Ask a Trooper: What to Do if Your Child is a Victim of Cyber Bullying

The following article was written by Michigan State Trooper Mike Sura, who answers questions about Michigan law in a weekly column.

Patch file photo.
Patch file photo.

I remember growing up with a particular kid who was a little bigger than the rest.  He used his size and his words to intimidate other kids on the playground.  He was the playground “bully”.  He spent several recesses in the principal’s office needless to say.  

The thing about this particular kid though, is you could always see him coming.  He wasn’t fast so you could out run him. You could always find a playground supervisor to stand with.  I also found that if you stood up to him he became less of a “bully."  

As time went by, this particular person became not a “bully” but a friend.  I remember him telling me that he didn’t know how to act sometimes and everyone just expected him to be “tough."  He thought that was just how it was supposed to be.  

Now why do I start this week’s article out with this story?  Simple, I had the opportunity to face this person, see him, and eventually confront him.  Kids today do not always have this ability.  Kids and adults today deal with what is known as cyber bullying or cyber harassment.

Cyber bullying is bullying that occurs online, often through text messages, instant messages, emails or social networks.  

Cyber bullies can be any age.  It is easy to hide behind a computer or electronic device and send hurtful messages or intimidating threats.  Younger kids can bully older kids.  Cyber bullying can be just as hurtful as other types of bullying and in some ways can actually be worse.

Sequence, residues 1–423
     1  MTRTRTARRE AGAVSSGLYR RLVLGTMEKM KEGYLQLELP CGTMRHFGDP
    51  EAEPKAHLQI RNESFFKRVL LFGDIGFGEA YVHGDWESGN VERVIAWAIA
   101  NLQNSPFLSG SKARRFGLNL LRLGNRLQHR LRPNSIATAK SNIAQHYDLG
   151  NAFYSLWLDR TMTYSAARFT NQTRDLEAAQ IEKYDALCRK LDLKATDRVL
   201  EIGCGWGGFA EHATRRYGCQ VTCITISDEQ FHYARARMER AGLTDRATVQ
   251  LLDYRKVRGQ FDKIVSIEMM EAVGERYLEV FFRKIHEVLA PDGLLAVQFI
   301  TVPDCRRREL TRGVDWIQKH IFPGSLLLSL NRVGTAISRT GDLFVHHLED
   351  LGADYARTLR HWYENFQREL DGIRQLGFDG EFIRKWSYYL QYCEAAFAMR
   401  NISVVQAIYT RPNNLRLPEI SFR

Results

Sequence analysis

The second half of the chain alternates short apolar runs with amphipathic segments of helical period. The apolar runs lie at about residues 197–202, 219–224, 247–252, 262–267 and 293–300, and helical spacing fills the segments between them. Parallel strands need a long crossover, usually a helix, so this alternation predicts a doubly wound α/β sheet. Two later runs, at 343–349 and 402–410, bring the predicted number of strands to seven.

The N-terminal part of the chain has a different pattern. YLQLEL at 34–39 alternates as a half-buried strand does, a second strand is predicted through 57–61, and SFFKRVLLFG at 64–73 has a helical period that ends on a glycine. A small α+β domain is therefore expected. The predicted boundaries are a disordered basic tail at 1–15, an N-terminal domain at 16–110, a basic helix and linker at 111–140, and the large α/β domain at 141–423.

Cyber bullying is not limited to just the playground.  It is not contained to a specific area.  It can occur any time you’re online, even in your own home.  Also, sometimes the bully can remain anonymous which in turn can make the person harder to stop.  

Some examples of cyber bullying are writing derogatory messages on line, through video games, instant messages, and texts, posting derogatory messages on social media outlets, posting or sharing derogatory pictures on the internet, and creating a fake profile to humiliate another person.  Cyber bullying can create doubt, cause depression and be embarrassing to endure. 

So what do you do if your child is a victim of cyber bullying?  

Here are some tips to help.  One is be involved with your child.  Monitor their activity and text messages.  It is important to make sure your child is not being bullied just as much as it is to make sure they are not bullying someone else.  Do not reply to a bully.  Most are looking to scare, intimidate, hurt, or embarrass you.  Responding to them lets them feel as if they have power or control over you.  Sometimes if you ignore the problem it will go away because the person is not getting the response they want.  If the problem persists though, make sure to keep all the messages that the bully sends.  This will help when having to speak with police, teachers, parents, or other authority figures that may have to get involved.  

Do not be afraid to report cyber bullying, if no one is aware there is a problem, no one can help. Do not assist a cyber bully by continuing the message or forwarding a picture, just because the original post wasn’t created by you does not mean it is any less powerful or hurtful if it is continued.  Use what I like to call proper “Netiquette;" if you can’t say it to someone in person then you know it should not be said at all.  Most important though, talk with your kids and make sure they understand that something that maybe seems funny or harmless may not be.

If you have a questions or comments please email them to askatrooper12@gmail.com, or mail them to Ask A Trooper, Michigan State Police – Brighton Post, 4337 Buno Road, Brighton, MI  48116.


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